This is cold comfort for Blundstone. But one can only hope that Blundstone can be a viable operation by blending overseas manufacturing operations with local design and management functions. Some of you might remember that Pacific Brands began the off-shore production push twenty years ago as a matter of survival, and a host of other Australian manufacturers have taken the same route. 

Arkansas – creativity in the natural state

October 15, 2007

Stu Rosenfeld writes in an evocative style. His latest work ’Creativity in the natural state – growing Arkansas’ creative economy’ has close parallels to many other local economies. Perhaps yours? Extracts follow: 

The Arkansas economy in 2007 is very different than it was in the 1980s and ‘90s. Between 2000 and 2004, the state lost 10,000 manufacturing jobs in wood products, furniture, apparel etc.

The assets that once meant competitive advantage now represent nothing more than the opportunity to compete. Many of the products that were the bread and butter of the South’s economy are now made off-shore…unable to withstand the price competition from China and other emerging nations.  Today, talented workers are more mobile and selective. They look at location first and particular jobs second, causing states and nations to reorder their priorities. Chasing talent is the new game. 

NEW MARKET OPPORTUNITIES – CREATIVE GOODS & SERVICES

Consumer markets have created a plethora of new opportunities in non-traditional sectors. Arkansas has been the location for 200+ commercial movies, videos, and television shows…Buyers are paying premium prices for products that evoke an emotional response, create an image, or provide a sensory experience based on authenticity, appearance, or style embedded in content, packaging, or brand. Alessi kitchenware, Bang & Olufsen media products, Kohler’s artist-edition sinks, Viking ranges, and, in Arkansas, Munro’s Icon shoes.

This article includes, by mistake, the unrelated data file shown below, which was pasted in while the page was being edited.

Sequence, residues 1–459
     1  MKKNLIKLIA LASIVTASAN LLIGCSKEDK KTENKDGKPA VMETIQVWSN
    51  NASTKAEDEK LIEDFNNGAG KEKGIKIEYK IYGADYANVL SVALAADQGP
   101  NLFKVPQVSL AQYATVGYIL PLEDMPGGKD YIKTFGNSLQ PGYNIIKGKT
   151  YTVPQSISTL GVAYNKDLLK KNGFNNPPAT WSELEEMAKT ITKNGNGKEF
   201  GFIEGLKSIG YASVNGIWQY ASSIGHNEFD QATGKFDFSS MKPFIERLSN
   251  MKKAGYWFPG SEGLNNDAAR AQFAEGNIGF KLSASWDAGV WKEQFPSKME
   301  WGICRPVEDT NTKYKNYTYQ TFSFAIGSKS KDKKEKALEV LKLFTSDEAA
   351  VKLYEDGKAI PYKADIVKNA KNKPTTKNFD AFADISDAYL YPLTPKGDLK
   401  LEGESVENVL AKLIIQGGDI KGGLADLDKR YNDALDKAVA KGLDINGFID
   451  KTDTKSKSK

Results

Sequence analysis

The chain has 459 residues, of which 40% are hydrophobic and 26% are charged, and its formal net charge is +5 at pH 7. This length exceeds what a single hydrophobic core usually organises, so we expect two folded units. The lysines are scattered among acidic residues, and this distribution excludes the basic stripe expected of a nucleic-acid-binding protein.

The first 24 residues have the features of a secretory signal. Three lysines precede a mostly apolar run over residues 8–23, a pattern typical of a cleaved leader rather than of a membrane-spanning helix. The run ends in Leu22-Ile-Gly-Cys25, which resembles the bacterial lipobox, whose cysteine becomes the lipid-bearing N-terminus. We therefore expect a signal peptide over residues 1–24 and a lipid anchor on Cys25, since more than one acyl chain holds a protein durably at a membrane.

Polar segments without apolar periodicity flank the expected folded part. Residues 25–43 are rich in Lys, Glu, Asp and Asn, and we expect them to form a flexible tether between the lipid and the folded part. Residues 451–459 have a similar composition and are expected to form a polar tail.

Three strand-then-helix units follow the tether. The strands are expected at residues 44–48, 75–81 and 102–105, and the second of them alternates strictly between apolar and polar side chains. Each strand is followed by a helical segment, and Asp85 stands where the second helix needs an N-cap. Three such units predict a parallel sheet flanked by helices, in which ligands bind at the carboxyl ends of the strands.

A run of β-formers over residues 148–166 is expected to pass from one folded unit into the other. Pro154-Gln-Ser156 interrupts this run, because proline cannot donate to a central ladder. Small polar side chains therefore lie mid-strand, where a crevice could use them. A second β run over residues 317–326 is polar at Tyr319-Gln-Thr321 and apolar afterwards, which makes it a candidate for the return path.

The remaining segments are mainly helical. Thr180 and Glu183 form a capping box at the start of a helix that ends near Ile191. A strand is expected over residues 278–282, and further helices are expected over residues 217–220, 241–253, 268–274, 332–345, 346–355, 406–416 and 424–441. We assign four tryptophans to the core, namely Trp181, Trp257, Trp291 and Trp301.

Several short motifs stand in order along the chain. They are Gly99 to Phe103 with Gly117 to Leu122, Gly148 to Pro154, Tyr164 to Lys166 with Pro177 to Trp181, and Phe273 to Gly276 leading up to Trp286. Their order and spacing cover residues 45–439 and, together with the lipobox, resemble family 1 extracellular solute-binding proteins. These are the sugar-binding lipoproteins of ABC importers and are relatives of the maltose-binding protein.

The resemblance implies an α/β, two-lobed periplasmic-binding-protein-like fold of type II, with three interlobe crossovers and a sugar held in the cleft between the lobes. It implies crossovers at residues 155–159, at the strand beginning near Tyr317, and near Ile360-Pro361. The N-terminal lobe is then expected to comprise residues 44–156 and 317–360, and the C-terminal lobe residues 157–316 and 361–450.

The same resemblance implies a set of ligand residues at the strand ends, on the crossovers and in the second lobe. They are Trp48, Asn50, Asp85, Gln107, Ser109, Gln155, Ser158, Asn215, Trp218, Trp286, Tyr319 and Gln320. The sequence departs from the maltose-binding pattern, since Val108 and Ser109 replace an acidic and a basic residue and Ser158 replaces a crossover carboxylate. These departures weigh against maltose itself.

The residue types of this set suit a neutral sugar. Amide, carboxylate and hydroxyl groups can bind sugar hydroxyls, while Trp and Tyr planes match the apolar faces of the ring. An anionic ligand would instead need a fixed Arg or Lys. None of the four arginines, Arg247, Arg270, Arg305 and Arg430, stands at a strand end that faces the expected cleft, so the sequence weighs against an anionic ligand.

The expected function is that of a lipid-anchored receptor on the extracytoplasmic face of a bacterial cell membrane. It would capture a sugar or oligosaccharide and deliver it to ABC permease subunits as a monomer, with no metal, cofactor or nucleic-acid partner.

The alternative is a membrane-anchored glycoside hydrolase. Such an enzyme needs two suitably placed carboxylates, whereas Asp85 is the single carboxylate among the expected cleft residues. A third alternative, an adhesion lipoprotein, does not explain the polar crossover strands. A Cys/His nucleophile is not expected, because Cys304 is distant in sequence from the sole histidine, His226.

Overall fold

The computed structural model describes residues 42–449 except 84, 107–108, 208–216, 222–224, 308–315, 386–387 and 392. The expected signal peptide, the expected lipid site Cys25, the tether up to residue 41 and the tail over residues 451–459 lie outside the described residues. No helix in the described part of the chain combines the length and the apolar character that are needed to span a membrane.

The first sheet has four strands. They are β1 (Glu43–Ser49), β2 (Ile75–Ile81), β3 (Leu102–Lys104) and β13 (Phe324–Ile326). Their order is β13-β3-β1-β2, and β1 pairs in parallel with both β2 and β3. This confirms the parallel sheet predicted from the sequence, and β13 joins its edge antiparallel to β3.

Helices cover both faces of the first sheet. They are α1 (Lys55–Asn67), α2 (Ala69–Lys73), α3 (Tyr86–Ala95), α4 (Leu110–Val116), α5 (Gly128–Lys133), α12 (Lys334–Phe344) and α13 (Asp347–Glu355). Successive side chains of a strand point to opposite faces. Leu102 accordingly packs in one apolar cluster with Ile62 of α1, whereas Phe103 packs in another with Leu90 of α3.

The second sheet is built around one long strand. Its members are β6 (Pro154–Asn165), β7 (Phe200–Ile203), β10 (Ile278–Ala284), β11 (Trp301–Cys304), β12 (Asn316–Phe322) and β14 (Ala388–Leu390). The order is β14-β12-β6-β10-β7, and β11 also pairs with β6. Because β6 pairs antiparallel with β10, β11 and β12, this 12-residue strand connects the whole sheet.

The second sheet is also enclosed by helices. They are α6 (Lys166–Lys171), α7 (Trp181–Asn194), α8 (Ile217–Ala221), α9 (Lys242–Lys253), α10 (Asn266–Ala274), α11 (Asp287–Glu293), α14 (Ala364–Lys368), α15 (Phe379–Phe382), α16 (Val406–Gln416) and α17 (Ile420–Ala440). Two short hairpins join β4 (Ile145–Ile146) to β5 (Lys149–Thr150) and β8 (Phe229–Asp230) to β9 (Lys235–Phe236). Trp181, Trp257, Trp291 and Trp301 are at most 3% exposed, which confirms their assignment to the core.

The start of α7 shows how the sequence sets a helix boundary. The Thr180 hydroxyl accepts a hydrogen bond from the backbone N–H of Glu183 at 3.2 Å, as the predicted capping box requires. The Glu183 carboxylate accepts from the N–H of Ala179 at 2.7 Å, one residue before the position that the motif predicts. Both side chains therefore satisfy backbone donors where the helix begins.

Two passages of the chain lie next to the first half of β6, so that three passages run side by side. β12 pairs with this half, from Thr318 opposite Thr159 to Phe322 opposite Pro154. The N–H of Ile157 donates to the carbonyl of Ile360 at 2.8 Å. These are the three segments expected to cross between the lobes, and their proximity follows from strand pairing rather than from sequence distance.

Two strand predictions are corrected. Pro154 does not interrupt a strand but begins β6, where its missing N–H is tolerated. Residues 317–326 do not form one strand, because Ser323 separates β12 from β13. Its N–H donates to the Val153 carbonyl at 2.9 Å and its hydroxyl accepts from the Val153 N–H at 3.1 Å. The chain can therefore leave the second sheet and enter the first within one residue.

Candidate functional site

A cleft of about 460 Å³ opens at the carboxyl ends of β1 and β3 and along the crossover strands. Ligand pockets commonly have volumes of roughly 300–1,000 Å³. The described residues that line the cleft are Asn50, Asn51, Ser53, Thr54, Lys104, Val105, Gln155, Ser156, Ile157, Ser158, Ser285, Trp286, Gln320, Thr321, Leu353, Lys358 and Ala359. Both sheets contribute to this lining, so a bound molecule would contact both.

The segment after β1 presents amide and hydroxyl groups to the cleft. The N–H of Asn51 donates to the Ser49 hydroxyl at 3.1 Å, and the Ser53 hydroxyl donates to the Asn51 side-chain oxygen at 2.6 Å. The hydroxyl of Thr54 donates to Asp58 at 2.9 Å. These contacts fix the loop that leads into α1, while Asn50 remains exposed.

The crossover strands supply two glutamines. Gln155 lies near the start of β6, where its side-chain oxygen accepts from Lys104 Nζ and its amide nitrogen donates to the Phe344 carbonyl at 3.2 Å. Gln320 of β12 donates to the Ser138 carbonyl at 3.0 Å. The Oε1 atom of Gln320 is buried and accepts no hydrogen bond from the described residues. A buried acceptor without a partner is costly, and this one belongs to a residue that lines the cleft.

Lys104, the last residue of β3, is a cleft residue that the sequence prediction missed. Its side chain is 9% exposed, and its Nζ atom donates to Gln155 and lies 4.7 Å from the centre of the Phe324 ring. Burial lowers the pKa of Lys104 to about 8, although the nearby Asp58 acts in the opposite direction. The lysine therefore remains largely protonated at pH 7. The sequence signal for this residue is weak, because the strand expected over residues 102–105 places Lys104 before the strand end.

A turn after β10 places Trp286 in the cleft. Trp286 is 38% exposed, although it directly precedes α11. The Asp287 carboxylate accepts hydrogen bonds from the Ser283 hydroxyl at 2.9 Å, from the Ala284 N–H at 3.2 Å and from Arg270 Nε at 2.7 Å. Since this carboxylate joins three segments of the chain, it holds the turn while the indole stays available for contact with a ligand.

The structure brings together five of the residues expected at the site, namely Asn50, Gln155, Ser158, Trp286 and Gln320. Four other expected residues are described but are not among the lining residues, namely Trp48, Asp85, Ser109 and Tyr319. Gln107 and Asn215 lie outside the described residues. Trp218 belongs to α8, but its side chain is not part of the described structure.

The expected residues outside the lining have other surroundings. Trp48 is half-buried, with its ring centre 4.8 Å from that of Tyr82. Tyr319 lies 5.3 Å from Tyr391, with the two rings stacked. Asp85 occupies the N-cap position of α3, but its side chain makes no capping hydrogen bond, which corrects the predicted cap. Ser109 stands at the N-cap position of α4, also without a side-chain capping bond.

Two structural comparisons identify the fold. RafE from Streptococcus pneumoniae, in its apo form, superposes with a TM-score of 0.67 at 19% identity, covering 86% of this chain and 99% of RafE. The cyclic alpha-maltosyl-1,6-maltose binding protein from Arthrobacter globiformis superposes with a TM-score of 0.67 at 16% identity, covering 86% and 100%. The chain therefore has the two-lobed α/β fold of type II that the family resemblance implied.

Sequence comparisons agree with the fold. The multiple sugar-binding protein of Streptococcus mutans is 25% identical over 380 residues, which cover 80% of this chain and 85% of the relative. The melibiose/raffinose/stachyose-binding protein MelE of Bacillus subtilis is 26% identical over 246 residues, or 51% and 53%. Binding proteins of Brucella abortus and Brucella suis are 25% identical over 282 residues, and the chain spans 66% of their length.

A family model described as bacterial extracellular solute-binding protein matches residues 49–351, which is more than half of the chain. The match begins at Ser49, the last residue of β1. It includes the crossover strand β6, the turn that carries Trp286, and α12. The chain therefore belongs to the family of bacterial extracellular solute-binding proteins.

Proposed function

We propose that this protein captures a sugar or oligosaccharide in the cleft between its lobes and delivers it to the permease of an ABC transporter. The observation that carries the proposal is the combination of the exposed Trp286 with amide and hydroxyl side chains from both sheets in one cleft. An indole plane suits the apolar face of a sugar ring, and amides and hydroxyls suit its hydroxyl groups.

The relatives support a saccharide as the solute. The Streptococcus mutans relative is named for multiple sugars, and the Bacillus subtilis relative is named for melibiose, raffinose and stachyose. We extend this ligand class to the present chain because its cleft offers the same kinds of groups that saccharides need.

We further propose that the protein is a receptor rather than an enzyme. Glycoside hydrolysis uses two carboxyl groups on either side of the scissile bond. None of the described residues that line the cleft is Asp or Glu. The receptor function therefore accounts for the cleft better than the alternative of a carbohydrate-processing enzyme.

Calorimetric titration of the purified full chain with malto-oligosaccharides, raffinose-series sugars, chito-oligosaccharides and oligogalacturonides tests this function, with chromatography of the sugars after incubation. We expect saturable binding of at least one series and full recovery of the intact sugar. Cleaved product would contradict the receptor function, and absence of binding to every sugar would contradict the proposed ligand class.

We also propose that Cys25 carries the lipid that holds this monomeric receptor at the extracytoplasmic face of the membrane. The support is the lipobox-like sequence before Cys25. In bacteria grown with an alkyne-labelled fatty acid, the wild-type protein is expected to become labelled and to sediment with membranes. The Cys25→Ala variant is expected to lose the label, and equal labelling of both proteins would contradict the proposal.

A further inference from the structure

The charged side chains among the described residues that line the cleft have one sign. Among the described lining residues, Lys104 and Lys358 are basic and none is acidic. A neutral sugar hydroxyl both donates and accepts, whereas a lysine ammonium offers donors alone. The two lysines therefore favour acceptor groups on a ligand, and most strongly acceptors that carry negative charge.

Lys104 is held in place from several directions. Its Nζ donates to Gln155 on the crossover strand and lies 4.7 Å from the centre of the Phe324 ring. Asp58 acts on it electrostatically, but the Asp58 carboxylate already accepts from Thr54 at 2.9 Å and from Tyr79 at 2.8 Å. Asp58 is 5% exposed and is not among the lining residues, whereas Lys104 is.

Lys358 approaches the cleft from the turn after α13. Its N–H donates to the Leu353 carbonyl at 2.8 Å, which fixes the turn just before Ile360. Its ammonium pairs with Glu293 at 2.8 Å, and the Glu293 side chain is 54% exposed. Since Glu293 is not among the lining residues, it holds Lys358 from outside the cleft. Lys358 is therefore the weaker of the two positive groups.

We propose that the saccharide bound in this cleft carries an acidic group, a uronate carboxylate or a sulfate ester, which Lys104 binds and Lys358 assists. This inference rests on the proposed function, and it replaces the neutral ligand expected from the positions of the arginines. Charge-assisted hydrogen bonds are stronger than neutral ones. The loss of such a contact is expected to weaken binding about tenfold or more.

The state’s creative economy consists of large numbers of very small enterprises…many are in distinguishable categories e.g. new media, design, and publishing. But many are in classifications that combine companies producing artistic goods with those making purely utilitarian products. 

A NEW COMPETITIVE ADVANTAGE

Talented people are moving to Arkansas, as immigrants or urban artists and designers escaping the high costs and congestion of big cities. Others come out of a technology background in digital arts, computer and video games, and design.

The state’s EAST lab program attracts high school students into digital media, where some remain on a creative career track. Arkansas also has an advantage in amenities, which could bring new wealth and opportunities. Arkansas must differentiate itself from the pack, rethink its special advantages, and look for creative sources of growth and inventive niches that can resist competition and imitation – in short, develop its creative economy.

Unfortunately, the state considers them amenities rather than sources of growth, as tourist attractions rather than export or consumption industries.  

Contact the editor for a copy of the full report.

Mauritius – footwear

October 27, 2005

In 2003, having developed their Strategy and Action Plan, the Footwear Cluster in Mauritius sought the technical expertise and collaboration of the African Management Services Company.

While we are awaiting an update on progess, it is instructive to note that Hal Bosher, AMSCO Project Officer, told Footwear Cluster members then that AMSCO would delegate a foreign expert to the project. This was on cost-sharing basis for two years to assist enterprise technological improvement and also assist emerging clusters in training needs via their matching funds program. 

Mr. Bosher said that AMSCO would be more interested in asssiting clustered enterprises than individual ones because clusters provide the opportunity to involve more enterprises in improvement programs, hence speeding up industry restructuring.

 

Cluster involvement enables firms to jointly address common factors that affect both industry and firm competitiveness, namely material inputs and labour, and improvements in technology.  

The Productivity Implementation Committee on Clustering has identified printing, IT, language and environment as sectors for future projects.

There is scope for footwear associations, clusters or networks in other countries to form an alliance with the Mauritius folk. In this regard, Yorkshire (UK) was reportedly doing leading-edge work with the Mauritians  on digital printing.

Contact us for futher details.